3 of 3 people found this review helpful

  • Overall
    4 out of 5 stars
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  • Jeremy
  • 21-04-09

Not the best Narrator for this book

I enjoyed this book and found it very interesting however, the problem was with the narration. I think that John H. Mayer was perfect for "The Autobiography of Santa Clause" but not at all right for this book. I think they should have looked for another reader better suited to Non-Fiction.

2 of 2 people found this review helpful

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    1 out of 5 stars
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  • GG
  • 07-05-13

long, boring and tedious

What would have made The People's Tycoon better?

An abridged version would have been be better. The book is very slow and very repetitive - you almost feel you are on a Model T assembly line.

Watts' characterization of Ford as 'folksy' is overdone (to death). This book could be half the length and lose nothing. Get this title if you have a lot of time on your hands, and enjoy repetition. A lot of it. Then more.

What do you think your next listen will be?

something else

Would you be willing to try another one of John H. Mayer’s performances?

yes

3 of 5 people found this review helpful

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    4 out of 5 stars
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    3 out of 5 stars
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    3 out of 5 stars
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  • Rodney Sohngen
  • 01-06-19

Subjective and repetitive

As others have mentioned the author repeats or restates the same content for no apparent reason.

I was also surprised how often the author gave his interpretation of events and the use of what seem liked hearsay as fact.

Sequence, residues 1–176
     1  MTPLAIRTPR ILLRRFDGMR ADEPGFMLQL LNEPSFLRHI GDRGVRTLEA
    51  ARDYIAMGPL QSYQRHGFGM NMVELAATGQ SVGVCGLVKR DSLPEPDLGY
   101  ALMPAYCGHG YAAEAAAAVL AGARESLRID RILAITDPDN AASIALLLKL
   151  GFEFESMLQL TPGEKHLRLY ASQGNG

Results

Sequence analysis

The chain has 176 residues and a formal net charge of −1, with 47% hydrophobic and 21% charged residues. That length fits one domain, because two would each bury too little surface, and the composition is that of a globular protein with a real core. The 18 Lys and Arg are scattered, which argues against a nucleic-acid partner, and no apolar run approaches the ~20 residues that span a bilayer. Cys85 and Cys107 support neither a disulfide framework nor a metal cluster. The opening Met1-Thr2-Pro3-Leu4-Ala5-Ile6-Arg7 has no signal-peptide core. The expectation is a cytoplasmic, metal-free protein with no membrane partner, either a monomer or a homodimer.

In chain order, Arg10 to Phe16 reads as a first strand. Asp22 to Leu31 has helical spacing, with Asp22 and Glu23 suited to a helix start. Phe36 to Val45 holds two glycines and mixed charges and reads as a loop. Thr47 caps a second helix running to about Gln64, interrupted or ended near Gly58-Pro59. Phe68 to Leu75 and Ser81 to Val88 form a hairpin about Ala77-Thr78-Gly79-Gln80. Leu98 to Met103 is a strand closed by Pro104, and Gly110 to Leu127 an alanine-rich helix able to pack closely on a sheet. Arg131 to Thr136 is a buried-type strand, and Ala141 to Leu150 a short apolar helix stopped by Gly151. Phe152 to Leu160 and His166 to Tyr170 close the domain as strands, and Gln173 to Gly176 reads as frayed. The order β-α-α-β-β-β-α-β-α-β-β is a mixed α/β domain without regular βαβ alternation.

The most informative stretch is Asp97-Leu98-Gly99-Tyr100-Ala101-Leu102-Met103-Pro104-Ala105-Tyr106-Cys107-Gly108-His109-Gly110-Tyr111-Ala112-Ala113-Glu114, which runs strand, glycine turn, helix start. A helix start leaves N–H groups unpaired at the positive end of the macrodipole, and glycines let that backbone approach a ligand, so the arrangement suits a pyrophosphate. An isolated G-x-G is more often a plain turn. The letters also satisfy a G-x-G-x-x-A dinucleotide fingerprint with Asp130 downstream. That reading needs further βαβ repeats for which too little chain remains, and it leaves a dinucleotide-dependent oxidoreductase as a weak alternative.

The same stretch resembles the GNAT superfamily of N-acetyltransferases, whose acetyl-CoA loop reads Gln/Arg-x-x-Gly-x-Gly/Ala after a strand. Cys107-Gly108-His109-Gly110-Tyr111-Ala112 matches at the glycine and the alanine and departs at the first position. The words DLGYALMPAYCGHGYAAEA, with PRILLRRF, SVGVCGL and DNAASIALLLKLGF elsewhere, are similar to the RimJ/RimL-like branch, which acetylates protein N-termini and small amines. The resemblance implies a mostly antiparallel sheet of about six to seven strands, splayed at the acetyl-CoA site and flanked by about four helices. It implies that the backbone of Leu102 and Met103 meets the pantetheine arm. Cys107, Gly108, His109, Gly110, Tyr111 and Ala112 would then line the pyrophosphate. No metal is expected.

I did enjoy the history of Ford overall but would probably steer clear of future works by this author.

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    4 out of 5 stars
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  • Bill
  • 02-04-19

Great story....needs better organization

interesting book and story. Author jumps around and does not finish one idea or thread before starting another idea.

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    5 out of 5 stars
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    5 out of 5 stars
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  • Starboarder
  • 02-11-18

Excellent Presentation

Nothing in this narrative conflicted with the bedrock truths of Ford history. On occasion it provided additional insight into circumstances surrounding Henry Ford. Thank you Steven Watts!

  • Overall
    5 out of 5 stars
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    5 out of 5 stars
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  • Anonymous User
  • 17-10-18

GREAT Book!

Mentoring a to businessman! As a Black man, I appreciate Ford's contribution to our growth.

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    3 out of 5 stars
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  • FogCity
  • 29-07-16

Mayer did a great job with a weak book

The performance of this audio book was excellent. It is too bad the book as written by Steven Watts was not a better script for his efforts. Watts may be a great writer - but if so, you'll find little evidence of that in this work. The writing is choppy and redundant. Watts will make a statement about Henry Ford and then support it with many quotes taken from the period. Then in the next chapter, he will make more statements that contradict the earlier conclusion - also supported by breathless quotes from the period. While the writer's portrait of this icon of the US auto industry is colorful, it is so verbose that a decent editor would probably eliminate half the pages. It was a struggle to finish. Save your audible credit.